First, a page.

We first reviewed the 3D documentary Cunningham as part of our coverage of the Philadelphia Film Festival earlier this month. We represent now as it goes into a limited theatrical release this weekend.
As an art form, dance could perhaps be described as movement through three-dimensional space. As such, it seems odd that the list of 3D films about or featuring dance in which it os featured as its own art form is so distressingly short. In addition to Wim Wender’s 2011 documentary Pina, about dancer Pina Bausch, there is really only portions of 1953’s Kiss Me Kate, which features the work of the great Hermes Pan and relative newcomer Bob Fosse, and 2010’s Step Up 3D. (I am purposely leaving out any pop act concert film presented in 3D as there the dancing is only an adjunct of the performance and not the performance as whole to itself.) Director Alla Kovgan’s new documentary Cunningham is a welcome addition to that small canon.
The film tracks choreographer Merce Cunningham’s career from 1942 through to 1972, charting his rise to prominence in the dance world. Cunningham’s work and ideas were initially so far removed from the mainstream of critical thought that his initial performances were derided by critics. His statement that his type of dance did not interpret music or an emotion, but just presented movement and allowed the audience to draw their own meaning from it was somewhat radical for the time. But all the while, Cunningham would reject the sobriquet of “avant garde,” always claiming to be just “a dancer.”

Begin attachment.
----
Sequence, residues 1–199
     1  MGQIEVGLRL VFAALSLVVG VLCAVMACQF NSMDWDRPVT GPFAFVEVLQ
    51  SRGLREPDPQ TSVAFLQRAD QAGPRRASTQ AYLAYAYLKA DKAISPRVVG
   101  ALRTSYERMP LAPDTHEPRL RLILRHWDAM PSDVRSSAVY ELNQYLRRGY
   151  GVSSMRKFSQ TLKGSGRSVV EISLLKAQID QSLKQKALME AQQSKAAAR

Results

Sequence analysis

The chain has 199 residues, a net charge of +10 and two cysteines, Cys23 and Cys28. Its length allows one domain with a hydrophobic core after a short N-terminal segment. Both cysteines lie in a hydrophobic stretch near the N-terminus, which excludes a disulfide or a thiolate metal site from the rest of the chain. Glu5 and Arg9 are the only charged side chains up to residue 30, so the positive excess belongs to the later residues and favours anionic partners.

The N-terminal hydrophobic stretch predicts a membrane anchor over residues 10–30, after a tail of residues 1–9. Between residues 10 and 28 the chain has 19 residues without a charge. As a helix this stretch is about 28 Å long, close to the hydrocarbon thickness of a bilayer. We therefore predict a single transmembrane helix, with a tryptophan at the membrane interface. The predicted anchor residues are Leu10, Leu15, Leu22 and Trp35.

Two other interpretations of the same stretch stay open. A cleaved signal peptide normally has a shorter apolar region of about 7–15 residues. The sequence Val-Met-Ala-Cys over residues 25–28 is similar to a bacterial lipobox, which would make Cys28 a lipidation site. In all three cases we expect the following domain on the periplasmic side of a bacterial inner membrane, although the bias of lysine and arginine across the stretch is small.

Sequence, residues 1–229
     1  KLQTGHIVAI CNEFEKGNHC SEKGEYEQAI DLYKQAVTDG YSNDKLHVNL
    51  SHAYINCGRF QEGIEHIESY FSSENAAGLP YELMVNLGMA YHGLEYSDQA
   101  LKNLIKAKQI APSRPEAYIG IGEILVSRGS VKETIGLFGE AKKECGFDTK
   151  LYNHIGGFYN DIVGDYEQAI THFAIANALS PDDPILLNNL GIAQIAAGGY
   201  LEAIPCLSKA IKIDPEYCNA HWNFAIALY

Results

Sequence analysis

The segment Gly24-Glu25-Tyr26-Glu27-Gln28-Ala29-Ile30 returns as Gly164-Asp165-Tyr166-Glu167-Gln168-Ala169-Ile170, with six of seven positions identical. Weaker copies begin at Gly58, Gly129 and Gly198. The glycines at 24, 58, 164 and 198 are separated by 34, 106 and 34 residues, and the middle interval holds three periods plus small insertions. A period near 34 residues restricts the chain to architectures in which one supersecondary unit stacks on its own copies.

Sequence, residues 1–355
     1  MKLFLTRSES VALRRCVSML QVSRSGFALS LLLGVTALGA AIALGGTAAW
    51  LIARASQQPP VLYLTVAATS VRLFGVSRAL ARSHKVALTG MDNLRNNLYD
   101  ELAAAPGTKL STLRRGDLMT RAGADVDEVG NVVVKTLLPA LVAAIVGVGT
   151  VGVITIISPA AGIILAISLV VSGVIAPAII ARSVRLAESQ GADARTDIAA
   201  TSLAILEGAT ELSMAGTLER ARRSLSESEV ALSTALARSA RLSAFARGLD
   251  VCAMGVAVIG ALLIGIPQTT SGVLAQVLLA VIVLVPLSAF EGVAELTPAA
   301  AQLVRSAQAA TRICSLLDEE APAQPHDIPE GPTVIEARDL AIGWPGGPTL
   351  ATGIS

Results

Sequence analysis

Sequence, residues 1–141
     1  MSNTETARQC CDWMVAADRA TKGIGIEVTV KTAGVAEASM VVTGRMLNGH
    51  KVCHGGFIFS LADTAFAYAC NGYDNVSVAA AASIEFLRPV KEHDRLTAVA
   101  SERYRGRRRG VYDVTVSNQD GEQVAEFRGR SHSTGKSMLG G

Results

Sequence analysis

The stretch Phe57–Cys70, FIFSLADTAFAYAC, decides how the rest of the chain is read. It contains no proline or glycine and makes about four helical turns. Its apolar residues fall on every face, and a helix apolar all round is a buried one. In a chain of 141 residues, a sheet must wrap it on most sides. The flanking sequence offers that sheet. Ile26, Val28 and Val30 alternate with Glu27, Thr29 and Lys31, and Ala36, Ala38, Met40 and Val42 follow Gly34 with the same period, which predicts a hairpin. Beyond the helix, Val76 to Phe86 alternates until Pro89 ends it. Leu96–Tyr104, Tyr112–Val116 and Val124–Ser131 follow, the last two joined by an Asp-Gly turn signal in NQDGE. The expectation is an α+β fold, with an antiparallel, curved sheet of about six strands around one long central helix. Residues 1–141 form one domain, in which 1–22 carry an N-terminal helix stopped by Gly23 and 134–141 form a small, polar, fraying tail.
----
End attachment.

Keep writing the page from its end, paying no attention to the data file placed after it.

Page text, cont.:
Kovgan tells Cunningham’s story partially through archival footage and interviews. While thia material obviously not shot in 3D, Kovgan takes and isolates these clips in various posotoons of her overall frame, popping them out onto a swparate plane from some background image. She also split-screens her frame with two different clips, setting them in their own individual depths. Kovgan’s own experimwntation with visual presentation feels akin to Cunningham’s own dance philosophies and all the more appropriate here.
Cunningham also takes advantage of the fact that cinema can’t take its audience anywhere. Rather than recreate a number of Cunningham’s iconic dance pieces on a stage such in the way that they were first presented, Kovgan mounts them in spaces far removed from the theatrical experience – in a tunnel, an open courtyard, the roof of a city building while traffic and an elevated train rumble by. And as the 3D camera moves through the chosen performance spaces and among the dancers themselves, the audience is left with an experience and perhaps even an appreciation for each piece that those who saw them originally could not reach.